As Wenger himself remarked after Watford were put to the sword:  

“He has brought something to the team. He is a very intelligent player who is also very mobile and works very hard for the team. He gives us tactical stability. He made a very good pair with Coquelin in terms of winning the ball back, and also in the distribution as well.” 

The fact it took six weeks to see him in the league, and that even after initial competent forays into the first team he remained unused, seemed odd at the time and astonishing in hindsight.

Young gun

Earlier over-conservatism has also been exposed by the sun-burst arrival of Alex Iwobi. I have more sympathy for Arsene in this instance because of the player’s total lack of first team experience (and the unpredictability that comes with it), but by the time he was thrust into the Nou Camp limelight from out of the blue, he had already several times served notice of being ready to contribute after Emirates Cup cameos and standout performances in earlier FA Cup ties. Again, under normal circumstances, the manager’s gradual introduction of an emerging player would have been seen as excellently handled given recent results, but one can’t forget the context of a team flailing around for two months, lacking both creativity and composure, two qualities our newest youth product seems to have in abundance.

For me, despite being a great lover of developing young talent, Wenger’s integration of academy products seems very hit and miss, with too many departing in recent years without the opportunity to prove they can elevate their game to the higher level. Sure, he watches them in training and we don’t, but some characters just elevate their performance level on the bigger stages. As an actor I’ve seen plenty examples, for better or worse, of the massive disparity that can exist between what happens on a dress rehearsal and what happens in front of a full house. Accordingly, I think you have to throw these players into the fray when you can. The ever absolutist Myles Palmer has his own take;

“If Alex Iwobi can do what he’s been doing with such authority at 19, he should have been in the team sooner. He wasn’t selected because of the conservative Wenger’s precious pecking order.” 

And on the basis of the last three months, it’s hard to argue with the wider point he is making. The emergence and then comparative discarding of Joel Campbell is a case in point. At a time when Theo Walcott seemed to fall deeper and deeper into a chasm of form, Alexis looked ready to spontaneously combust in frustration at his rotten run, and Giroud’s goals and energy levels had both disappeared into the ether, Campbell found himself increasingly marginalised.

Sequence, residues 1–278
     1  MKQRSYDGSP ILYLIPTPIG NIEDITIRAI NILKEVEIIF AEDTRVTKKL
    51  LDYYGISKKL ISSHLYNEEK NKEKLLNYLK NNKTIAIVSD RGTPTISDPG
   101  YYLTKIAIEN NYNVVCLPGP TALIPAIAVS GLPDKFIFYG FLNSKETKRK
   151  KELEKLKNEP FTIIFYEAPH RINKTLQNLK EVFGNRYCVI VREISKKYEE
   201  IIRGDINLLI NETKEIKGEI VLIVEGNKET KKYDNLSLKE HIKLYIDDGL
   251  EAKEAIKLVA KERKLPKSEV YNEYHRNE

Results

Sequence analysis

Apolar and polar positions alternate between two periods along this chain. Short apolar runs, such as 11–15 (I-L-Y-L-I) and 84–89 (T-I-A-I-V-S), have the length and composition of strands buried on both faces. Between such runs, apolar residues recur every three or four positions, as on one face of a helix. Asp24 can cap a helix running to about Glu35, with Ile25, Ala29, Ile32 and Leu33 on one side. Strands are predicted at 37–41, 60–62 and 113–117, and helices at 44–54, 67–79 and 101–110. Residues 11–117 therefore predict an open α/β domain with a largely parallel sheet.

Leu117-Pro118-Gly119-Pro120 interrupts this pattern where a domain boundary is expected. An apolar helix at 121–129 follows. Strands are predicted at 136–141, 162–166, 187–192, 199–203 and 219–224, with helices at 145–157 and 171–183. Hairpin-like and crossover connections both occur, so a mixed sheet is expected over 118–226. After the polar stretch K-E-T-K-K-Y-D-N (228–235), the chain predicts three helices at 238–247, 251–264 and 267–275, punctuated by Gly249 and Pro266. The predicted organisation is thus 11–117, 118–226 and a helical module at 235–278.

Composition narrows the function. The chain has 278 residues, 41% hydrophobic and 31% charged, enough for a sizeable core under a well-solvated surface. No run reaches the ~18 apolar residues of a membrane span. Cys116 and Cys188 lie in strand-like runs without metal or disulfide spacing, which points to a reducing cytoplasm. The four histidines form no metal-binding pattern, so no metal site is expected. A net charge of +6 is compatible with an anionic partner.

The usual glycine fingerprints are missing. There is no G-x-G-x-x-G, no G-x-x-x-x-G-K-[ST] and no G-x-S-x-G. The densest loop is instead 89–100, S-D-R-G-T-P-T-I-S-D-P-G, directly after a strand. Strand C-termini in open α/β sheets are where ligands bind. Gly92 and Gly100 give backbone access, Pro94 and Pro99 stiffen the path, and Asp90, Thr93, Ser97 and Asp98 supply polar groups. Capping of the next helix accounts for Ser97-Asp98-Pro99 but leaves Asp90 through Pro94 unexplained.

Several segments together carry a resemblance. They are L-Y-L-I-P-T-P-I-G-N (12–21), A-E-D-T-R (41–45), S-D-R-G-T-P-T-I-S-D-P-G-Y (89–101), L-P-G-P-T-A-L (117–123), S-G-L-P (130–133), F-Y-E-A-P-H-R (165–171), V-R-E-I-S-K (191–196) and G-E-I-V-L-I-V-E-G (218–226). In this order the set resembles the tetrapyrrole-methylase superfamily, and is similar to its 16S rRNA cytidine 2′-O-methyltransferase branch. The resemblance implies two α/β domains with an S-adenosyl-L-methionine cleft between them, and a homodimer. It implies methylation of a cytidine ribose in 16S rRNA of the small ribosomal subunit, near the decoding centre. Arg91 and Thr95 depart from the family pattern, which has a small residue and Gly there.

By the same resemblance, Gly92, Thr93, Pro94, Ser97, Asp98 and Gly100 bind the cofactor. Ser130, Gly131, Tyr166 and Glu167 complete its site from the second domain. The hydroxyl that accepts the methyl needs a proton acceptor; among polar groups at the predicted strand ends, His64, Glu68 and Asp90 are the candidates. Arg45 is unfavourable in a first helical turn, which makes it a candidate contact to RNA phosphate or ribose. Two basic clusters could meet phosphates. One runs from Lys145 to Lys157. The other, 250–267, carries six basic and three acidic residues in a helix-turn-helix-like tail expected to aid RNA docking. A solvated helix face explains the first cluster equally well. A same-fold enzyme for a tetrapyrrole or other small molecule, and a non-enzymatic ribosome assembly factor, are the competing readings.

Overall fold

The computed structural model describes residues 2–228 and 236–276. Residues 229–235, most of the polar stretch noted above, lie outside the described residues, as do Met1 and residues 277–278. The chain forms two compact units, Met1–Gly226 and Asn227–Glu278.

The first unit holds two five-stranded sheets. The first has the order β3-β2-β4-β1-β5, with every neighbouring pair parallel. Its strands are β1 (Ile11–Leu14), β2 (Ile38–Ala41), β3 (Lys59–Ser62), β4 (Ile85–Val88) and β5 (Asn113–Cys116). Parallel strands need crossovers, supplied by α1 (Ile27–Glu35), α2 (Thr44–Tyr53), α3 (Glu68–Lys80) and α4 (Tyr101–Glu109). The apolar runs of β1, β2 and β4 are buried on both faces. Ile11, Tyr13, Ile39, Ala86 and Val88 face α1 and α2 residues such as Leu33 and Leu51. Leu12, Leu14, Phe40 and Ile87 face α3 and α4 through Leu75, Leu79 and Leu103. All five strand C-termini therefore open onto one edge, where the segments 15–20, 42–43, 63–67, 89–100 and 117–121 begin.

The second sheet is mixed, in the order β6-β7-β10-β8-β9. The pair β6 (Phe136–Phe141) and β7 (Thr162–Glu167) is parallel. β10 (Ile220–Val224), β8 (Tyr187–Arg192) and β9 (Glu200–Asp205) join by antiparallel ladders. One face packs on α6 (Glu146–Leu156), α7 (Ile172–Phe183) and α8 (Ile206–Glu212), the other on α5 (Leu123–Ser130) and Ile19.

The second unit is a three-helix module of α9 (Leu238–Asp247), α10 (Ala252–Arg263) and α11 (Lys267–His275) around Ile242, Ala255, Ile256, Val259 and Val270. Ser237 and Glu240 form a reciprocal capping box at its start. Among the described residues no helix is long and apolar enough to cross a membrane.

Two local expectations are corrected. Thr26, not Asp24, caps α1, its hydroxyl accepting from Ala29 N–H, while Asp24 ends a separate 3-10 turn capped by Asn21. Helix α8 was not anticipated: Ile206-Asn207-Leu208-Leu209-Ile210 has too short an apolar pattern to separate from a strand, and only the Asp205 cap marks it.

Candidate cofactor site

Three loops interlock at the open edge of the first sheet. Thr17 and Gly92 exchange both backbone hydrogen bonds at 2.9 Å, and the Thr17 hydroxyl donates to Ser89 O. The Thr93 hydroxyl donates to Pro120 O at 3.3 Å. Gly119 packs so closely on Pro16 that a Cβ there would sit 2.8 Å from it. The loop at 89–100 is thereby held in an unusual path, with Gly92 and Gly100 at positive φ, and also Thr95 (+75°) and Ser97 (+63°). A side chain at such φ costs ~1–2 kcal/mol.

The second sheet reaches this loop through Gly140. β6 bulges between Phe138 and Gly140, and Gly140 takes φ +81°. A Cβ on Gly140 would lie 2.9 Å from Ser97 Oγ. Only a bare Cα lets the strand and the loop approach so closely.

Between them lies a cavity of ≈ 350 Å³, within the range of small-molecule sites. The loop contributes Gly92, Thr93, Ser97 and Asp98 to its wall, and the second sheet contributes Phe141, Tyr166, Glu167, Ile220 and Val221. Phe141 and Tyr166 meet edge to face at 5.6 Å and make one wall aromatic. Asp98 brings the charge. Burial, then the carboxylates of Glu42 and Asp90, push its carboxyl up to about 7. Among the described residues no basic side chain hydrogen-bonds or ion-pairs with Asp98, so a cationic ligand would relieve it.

While it was clear that his ceiling is not as high as those he is directly competing with, and his form was fluctuating, his work rate and desire to make things happen still made him a better option than some others, particularly given his impressive understanding with Giroud. His absence has done nothing to help the Frenchman’s output. At present, the emergence of Iwobi and return to form of Alexis mean that the bench is the right place for him, but I’m not sure we can honestly say that it has been the case over the majority of the last couple of months.

Ultimately, whether by luck or judgement (though most likely a delayed latter, given Wenger’s track record at eventually righting sinking ships), Arsenal have temporarily at least stumbled across as formula that has the team functioning again and playing the kind of football we associate with the manager’s vision. But the time it has taken to find the courage to try this formula may leave us with spilt milk worth crying over.

With the league challenge being not quite in the mortuary yet, and the prospect of catching Spurs still a realistic one, now is not quite the time for those tears. But the questions raised will still loom large in the summer.

Will the manager seek to retain his ‘mentally pure’ squad as it is, with only a couple of reinforcements to replace those departing, or will he show the boldness that most fans feel is necessary?

Given his tendency towards loyalty to those incumbent, I wouldn’t hold my breath.